Morocco confirms World Cup icon status, but the Griezmann pig reigns as England play the third wheel
France have certainly had to work for their place in another World Cup final. Morocco was amazing once again, but a remarkable journey is over.
‘This is how you play against France,’ a thousand smug voices collectively screamed into the night. Come on them. Take the game to them. Don’t give them a minute to breathe. And of course, in the end still lose.
They have failed to reach four of the last seven World Cup finals and two EC showpieces in that time by accident. They are, if not an excellent team, then a collection of stunningly talented individuals whose durability defies convention, with a manager who has grown into the role wonderfully.
Morocco was typically phenomenal. They made little mistakes that their remarkable journey was stopped at the penultimate obstacle. There has been more than an element of patronization in how their historic run has been covered in some places, but this was a last-in-a-lifetime performance under the kind of bright lights that they should be getting used to.
Azzedine Ounahi cannot remain uncovered in Angers for much longer; Sofiane Boufal should not be abandoned in Ligue Un’s bottom club either. Fiorentina will cross their fingers and hold on to Sofyan Amrabat for dear life. Graham Potter could have liked the look of Hakim Ziyech. Yahia Attiyat Allah has only played eight club games outside his home nation and there will be quite a few teams looking to change that.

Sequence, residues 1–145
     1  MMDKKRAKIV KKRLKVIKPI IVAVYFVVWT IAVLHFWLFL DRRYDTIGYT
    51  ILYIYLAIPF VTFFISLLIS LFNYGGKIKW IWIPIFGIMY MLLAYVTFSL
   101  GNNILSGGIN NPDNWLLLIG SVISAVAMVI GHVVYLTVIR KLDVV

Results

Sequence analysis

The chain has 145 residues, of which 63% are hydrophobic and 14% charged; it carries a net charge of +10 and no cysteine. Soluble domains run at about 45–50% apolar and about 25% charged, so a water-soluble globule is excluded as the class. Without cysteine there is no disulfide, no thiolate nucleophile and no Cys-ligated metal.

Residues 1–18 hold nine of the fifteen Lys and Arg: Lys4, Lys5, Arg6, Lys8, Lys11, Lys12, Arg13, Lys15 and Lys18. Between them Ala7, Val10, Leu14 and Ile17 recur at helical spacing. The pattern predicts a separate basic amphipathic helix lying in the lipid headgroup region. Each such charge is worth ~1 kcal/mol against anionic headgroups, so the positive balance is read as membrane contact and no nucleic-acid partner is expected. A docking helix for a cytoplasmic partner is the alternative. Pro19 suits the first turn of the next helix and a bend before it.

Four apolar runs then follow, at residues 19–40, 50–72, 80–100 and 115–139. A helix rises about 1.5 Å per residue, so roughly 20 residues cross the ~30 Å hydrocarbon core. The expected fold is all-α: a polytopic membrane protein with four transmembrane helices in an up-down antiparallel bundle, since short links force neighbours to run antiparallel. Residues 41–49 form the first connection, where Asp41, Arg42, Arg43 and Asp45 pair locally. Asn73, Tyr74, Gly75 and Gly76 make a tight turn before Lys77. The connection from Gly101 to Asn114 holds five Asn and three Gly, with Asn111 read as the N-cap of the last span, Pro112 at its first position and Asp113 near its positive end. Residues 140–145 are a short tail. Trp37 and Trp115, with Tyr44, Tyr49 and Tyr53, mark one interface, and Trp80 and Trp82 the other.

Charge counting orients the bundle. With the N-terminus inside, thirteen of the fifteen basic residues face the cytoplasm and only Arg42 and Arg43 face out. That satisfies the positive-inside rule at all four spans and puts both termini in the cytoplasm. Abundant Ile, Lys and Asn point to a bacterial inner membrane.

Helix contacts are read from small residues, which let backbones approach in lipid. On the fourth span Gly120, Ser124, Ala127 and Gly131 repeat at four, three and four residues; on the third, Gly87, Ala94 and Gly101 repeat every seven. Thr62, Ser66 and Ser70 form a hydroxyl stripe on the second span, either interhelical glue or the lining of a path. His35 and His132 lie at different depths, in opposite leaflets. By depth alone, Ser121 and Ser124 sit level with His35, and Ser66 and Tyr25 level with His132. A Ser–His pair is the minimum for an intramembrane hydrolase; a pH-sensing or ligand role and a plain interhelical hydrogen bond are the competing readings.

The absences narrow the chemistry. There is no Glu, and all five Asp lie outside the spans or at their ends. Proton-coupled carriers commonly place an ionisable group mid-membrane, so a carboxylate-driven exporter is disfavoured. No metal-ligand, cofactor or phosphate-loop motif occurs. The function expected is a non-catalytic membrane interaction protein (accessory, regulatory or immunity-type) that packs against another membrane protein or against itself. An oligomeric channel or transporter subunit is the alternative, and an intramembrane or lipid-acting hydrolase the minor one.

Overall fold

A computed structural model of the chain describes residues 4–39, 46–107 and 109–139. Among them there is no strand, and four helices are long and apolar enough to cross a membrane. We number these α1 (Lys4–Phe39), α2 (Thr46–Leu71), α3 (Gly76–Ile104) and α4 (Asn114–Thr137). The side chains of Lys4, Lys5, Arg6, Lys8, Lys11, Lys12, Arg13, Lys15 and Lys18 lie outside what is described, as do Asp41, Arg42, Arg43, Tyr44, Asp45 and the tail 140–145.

But while these players showed even more to suggest they belong at this level on a more permanent basis, France have already operated there long enough not to be knocked off course. Not when they dropped first against Australia in the opener. Not when Denmark gave them a fight. Not when Tunisia forced a reassessment of squad depth. Not when Poland started brightly. Not when England had them on the ropes. Not here, then perhaps second best overall again.
France have a tendency to persevere and a belief that only comes with having crossed the finish line before. And it can be impossible to let go for good.
The second semi-final of the 2022 World Cup can be summed up by two moments at either end of the game, but the same part of the pitch, coincidentally both occur in the fourth minute – one in the first half and another deep into second-half stoppage time.
France took the kind of early lead that neutrals must have feared. The wintry breath of the last punter who frantically pointed out that Morocco had not conceded a single goal scored by an opponent in the tournament so far had barely settled in the air when Theo Hernandez finished smartly. Antoine Griezmann’s intelligent movement unzipped the defence, his cutback allowed two Kylian Mbappe shots to be blocked, and when the ball pushed to Hernandez, Achraf Dari broke in the air as he tried to clear on the line.
Morocco almost delivered a moment for their raucous support to cherish. Abde Ezzalzouli ghosted past two defenders and drove into the area, dragged Hugo Lloris out and lifted the ball back towards Ounahi. His strike was headed into the path of fellow substitute Abderrazak Hamdallah, whose goal-bound drive was stopped a couple of yards from goal by Jules Konde, with Lloris beaten.
Call it the luck of the draw, flipping a coin or the fine margins that seem to favor France more often than not. But these two cases emphasized quite nicely the intangible difference between these sides.